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Don’t create panic about 3rd wave, basic mantra is ‘precaution, no panic’: Jitendra Singh to docs

At an event organised by the Confederation of Indian Industry, Jitendra Singh said Covid-appropriate behaviour can act as a safeguard against the third wave.

By: PTI | New Delhi |
Updated: June 28, 2021 4:33:51 pm
CET, CET date, when will cet take place, ias e book civil list, ias civil list book, ias civil list book pdf, ias recruitment, govt jobsThe minister also informed that the National Recruitment Agency (NRA) has been constituted with the approval of the Union Cabinet for conducting the CET (file photo)

Union Minister Jitendra Singh has urged medical professionals “not to create a panic” about a possible third wave of COVID-19 infection and stressed that the basic approach should be “precaution, no panic”.

Instead of getting tempted to make alarmist observations one could be a little more reassuring, he said at the Public Health Summit 2021 on ‘Emerging Imperatives in Strengthening Public Health for India’.

At the event organised by the Confederation of Indian Industry, Singh said Covid-appropriate behaviour can act as a safeguard against the third wave.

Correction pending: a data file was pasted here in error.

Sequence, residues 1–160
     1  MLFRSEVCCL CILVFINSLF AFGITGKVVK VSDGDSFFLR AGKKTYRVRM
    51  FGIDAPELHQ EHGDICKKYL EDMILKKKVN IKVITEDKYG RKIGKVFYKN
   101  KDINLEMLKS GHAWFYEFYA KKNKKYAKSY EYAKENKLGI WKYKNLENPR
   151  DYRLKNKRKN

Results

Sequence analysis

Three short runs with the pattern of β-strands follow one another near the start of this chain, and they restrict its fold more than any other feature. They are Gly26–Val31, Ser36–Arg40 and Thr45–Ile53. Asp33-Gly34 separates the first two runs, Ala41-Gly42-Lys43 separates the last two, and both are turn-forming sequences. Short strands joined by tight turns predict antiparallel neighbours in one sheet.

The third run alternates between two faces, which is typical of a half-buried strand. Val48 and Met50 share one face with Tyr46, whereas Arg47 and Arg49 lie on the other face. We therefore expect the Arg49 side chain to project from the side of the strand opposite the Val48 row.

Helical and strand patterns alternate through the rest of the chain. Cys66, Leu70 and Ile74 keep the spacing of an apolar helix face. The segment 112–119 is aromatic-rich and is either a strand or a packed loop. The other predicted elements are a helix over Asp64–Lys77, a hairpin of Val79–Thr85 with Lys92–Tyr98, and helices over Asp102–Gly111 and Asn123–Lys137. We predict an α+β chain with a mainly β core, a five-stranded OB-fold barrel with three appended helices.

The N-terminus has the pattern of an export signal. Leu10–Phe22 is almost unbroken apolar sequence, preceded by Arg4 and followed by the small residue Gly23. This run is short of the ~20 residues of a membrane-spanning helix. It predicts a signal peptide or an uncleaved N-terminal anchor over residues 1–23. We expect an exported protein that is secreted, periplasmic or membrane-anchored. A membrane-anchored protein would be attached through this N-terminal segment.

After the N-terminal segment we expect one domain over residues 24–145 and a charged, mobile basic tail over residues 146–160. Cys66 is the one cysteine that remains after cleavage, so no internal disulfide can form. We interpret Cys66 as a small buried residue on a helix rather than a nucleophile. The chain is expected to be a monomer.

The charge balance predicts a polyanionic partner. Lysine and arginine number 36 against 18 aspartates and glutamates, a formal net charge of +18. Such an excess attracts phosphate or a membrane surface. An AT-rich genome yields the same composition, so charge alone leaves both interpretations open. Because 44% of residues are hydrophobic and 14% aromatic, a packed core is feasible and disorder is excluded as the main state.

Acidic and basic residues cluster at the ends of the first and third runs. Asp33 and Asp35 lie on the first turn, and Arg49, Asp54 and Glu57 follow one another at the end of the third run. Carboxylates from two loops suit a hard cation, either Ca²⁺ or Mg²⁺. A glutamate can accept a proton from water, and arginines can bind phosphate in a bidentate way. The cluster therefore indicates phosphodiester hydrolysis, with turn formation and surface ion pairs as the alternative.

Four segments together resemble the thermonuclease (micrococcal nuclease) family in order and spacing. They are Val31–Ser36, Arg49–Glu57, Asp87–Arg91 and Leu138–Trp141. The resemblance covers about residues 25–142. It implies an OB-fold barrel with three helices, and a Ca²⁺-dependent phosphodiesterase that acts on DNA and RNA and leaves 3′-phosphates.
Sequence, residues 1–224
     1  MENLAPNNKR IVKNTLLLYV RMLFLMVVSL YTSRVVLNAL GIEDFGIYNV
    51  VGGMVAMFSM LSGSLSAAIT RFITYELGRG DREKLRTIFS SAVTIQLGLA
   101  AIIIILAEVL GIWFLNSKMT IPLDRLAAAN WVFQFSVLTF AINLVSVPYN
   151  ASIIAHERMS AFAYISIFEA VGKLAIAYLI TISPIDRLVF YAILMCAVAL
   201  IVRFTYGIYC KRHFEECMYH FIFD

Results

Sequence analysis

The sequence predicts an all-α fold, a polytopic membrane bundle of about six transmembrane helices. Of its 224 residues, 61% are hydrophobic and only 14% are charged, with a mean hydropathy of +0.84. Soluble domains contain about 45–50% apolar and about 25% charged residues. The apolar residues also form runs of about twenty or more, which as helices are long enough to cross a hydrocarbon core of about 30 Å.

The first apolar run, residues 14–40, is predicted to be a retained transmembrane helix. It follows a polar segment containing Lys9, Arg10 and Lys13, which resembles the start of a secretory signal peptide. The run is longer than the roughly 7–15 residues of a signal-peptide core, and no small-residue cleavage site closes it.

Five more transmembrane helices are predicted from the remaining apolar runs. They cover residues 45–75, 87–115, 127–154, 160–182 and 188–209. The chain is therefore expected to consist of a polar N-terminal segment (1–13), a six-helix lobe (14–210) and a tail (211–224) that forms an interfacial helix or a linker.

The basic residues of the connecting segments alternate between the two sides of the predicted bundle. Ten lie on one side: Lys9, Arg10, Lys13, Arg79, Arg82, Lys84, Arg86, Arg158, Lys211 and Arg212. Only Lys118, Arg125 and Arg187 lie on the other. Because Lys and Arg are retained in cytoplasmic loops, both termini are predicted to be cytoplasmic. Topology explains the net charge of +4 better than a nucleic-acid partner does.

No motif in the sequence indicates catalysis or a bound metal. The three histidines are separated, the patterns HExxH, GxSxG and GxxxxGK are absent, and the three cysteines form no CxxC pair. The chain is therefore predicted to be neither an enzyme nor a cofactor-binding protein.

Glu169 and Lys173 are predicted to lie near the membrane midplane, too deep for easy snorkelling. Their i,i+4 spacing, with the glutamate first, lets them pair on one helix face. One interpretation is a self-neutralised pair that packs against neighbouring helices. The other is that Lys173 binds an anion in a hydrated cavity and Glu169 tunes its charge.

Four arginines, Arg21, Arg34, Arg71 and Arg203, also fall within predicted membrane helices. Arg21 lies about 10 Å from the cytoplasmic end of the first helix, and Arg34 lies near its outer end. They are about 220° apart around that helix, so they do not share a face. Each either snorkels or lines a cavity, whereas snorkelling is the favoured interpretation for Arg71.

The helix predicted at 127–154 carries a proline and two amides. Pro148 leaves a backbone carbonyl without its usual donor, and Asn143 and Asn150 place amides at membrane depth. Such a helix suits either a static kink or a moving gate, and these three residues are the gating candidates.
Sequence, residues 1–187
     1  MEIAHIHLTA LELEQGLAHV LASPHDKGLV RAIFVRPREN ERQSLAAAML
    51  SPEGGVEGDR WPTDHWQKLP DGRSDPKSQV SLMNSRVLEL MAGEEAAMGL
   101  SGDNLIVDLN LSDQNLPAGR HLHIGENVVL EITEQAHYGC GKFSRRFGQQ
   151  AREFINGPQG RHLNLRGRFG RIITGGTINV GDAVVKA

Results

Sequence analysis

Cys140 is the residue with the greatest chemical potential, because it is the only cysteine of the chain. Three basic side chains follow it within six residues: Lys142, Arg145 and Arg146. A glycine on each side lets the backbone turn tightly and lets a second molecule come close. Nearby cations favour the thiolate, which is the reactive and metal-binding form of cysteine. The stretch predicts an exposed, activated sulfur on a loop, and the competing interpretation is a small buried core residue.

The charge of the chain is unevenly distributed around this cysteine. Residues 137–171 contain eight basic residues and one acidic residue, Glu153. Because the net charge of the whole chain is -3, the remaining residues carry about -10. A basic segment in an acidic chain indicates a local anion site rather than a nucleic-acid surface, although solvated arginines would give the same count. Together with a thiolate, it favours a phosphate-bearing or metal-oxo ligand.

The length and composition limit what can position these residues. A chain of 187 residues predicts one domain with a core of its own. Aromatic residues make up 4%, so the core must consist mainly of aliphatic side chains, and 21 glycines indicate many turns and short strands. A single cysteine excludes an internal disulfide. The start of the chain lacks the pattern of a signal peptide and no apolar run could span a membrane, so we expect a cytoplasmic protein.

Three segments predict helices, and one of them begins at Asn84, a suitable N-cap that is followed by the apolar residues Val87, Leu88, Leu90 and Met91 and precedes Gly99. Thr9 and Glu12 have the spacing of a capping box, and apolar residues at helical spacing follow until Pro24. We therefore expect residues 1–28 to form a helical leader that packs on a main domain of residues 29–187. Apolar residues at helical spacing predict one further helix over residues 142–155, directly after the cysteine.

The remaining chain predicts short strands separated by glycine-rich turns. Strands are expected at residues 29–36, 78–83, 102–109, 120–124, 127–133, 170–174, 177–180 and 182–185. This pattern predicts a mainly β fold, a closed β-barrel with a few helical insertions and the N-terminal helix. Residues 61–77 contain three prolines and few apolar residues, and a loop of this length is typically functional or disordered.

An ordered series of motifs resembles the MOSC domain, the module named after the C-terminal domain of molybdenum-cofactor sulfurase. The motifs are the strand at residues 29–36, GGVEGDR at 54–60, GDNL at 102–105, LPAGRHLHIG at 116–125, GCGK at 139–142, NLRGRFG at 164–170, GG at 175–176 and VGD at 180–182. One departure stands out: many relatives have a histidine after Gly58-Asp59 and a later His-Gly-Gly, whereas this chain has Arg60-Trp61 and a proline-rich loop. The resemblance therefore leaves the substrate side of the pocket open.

“I have a small request to medical colleagues to not create a panic about a possible third wave because the basic mantra is precaution not panic.

“Let us put all our might together to fight the second wave instead of talking about the third one. Medical professionals have found a good platform in the media… so instead of getting tempted to make alarmist observations we could be a little more reassuring,” the minister said.

He also said that public-private partnership in healthcare has strengthened amid the COVID-19 pandemic.

All India Institute of Medical Sciences (AIIMS) Director Dr Randeep Guleria said, “As we now prepare for the possibility of the third wave and (the spread of) new variants like Delta Plus… we need to look ahead and see how we can strengthen our public health system focusing on lessons we have learnt from the past.”

“What COVID-19 has shown us is that we need a robust healthcare system. We need to address the challenges that we have in front of us. One is under-investment in healthcare. Another is that the public healthcare system should be driven by technology and data that would help us make evidence-based decisions,” he said.

The AIIMS director stressed on creating a specialised workforce, improving the health infrastructure as well as on increasing doctor-patient and nurse-patient ratios.

“What COVID-19 has taught us is the importance of strength of a public-private partnership. We have to move out of silos.

“We had a vaccine (available) in less than a year (of the onset of the pandemic) but most of the vaccines that came out were not developed by industry but by academia. It happened because of the partnership between the industry and public health experts. The need for it has been felt like never before,” he said.

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